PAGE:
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We are all under the same stars

This weekend marks 104 years since the end of World War One, once hailed as The Great War, the War to End All Wars. Its toll was unprecedented and the scars it left on those who fought in it, those who lost loved ones, and those who had to pick up the pieces were immeasurable. This is a time for remembrance, for grief, for thanks and for cherishing those we still have around us, and the memories of those we have lost.

Over the years, the inhabitants of Carlowrie Castle have loved greatly, and have lost their fair share of loved ones. None have expressed their pain more movingly than Isobel Wylie Hutchison who lived through both World Wars. A writer, poet, explorer, botanist but also sister and daughter, by her early 20s, Isobel had lost her father and her two brothers. Frank to a mountaineering accident in the Cairngorms and her eldest brother Walter, a respected Captain, died in a tragic accident in North Berwick whilst leading a troop in training for the War.











Isobel carried a newspaper cutting of her brother Walter's obituary until her death in 1982. It was tucked into her much loved and used book, 'The Field-Club Flora of The Lothians



Isobel’s poem Liege expresses the insurmountable loss; it eloquently conveys the destruction, the horror of war; and it offers hope for salvation, for peace after the carnage, a comfort to those that grieve just as she herself grieved.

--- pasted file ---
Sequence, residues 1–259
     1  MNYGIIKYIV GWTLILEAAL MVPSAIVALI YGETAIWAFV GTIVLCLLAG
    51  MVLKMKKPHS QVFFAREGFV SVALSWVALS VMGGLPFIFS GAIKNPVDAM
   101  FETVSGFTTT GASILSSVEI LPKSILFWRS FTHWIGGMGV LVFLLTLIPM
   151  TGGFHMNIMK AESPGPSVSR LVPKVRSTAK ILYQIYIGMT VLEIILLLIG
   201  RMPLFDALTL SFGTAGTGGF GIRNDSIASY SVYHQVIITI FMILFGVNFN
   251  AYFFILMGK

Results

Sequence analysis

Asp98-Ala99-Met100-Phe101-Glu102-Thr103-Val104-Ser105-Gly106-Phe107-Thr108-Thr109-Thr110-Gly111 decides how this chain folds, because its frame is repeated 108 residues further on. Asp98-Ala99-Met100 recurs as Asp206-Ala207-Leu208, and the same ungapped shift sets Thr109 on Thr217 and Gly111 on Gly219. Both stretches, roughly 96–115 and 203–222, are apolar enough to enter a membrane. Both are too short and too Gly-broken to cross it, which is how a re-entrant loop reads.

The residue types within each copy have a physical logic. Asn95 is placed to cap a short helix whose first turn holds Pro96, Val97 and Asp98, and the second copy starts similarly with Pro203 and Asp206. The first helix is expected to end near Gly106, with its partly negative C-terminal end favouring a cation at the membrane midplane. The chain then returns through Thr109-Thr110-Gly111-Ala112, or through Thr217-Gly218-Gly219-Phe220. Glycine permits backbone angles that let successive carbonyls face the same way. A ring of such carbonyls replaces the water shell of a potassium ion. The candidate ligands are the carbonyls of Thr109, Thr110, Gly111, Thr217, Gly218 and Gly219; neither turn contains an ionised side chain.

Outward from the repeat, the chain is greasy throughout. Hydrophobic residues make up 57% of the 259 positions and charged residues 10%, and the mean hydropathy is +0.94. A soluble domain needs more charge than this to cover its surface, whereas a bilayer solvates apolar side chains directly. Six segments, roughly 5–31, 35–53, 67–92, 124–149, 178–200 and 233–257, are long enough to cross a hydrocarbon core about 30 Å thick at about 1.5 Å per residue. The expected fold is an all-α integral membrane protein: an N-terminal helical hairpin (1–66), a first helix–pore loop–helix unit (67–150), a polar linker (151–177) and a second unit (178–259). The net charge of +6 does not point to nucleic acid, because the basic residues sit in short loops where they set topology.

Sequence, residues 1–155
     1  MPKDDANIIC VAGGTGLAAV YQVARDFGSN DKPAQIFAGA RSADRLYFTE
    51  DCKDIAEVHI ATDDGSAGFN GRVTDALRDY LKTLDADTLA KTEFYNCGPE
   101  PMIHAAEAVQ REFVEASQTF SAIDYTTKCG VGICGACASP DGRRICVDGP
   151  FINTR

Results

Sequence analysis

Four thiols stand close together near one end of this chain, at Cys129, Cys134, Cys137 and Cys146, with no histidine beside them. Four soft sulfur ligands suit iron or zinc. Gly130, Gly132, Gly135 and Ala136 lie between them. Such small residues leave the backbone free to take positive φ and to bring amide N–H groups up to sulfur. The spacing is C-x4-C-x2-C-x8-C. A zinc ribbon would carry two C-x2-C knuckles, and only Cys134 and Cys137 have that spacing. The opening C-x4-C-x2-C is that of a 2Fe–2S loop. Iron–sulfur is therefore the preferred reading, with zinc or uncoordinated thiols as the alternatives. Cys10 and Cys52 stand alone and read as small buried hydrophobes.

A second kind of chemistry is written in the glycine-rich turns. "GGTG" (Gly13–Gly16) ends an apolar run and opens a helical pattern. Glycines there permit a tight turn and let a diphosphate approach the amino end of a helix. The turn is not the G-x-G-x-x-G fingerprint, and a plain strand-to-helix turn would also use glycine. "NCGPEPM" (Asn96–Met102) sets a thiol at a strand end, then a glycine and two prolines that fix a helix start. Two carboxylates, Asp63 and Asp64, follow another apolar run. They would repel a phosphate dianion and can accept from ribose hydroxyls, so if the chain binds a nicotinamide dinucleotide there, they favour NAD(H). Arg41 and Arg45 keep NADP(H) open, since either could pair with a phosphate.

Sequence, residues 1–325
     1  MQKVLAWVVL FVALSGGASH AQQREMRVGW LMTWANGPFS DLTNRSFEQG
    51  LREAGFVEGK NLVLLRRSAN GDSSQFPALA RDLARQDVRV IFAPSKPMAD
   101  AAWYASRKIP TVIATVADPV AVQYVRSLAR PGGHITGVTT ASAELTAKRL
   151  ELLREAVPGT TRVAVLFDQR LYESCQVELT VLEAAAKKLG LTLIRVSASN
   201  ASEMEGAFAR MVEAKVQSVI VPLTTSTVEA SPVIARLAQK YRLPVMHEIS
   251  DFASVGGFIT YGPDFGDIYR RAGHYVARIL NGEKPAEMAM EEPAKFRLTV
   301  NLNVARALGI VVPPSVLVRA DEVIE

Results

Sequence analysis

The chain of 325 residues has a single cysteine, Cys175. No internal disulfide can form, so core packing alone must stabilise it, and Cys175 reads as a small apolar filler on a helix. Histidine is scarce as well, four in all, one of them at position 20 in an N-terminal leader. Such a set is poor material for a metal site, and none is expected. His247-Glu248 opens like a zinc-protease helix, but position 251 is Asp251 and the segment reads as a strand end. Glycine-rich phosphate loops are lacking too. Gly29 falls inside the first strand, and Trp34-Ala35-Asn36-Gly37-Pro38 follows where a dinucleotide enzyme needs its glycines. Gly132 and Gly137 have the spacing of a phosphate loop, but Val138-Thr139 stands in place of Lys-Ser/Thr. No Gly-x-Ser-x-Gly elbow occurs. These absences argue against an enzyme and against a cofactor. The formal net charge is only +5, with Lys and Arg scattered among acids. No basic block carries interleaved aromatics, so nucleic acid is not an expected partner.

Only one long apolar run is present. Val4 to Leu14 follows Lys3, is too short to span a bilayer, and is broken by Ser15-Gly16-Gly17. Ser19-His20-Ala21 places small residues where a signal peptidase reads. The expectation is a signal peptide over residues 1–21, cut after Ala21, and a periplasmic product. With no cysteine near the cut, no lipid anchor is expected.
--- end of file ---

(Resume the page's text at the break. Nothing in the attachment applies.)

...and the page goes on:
Leige

I knew

The star as my own

And the fields full-grown;

I looked at the wheat and said

‘At Liege the gold is red’

And to-night how still the dead must lie

With their faces stark to the open sky

Or dreadfully earthward turned’

Over the corn the wind mourned.

I looked at the star and cried,

‘Of Heaven the doors are very wide,

And God has hung a little light

For stragglers who fall in to-night’

Isobel Wylie Hutchison, 1914


Isobel draws comfort also from the sky above her, from the connection she perceives between her and her loved ones far away, united under the same sky so that none are alone. Her star is the same star that shines over the battlefields.


This sense of abstracted proximity has brought comfort to many parted loved ones over the centuries, whether they had been separated by life and death or by more mundane causes such as work commitments, university, illness. As we remember those we love, and those we have loved and lost, those who have made sacrifices for those they hold dear, look to the skies with the knowledge that no matter how great the distance, we are all under the same stars, the same moon, the same sky.





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The North Star Explorer

Learn more about Isobel’s passion for the natural world, her experience of travelling to remote places and her encounters expressed through art and creative writing.

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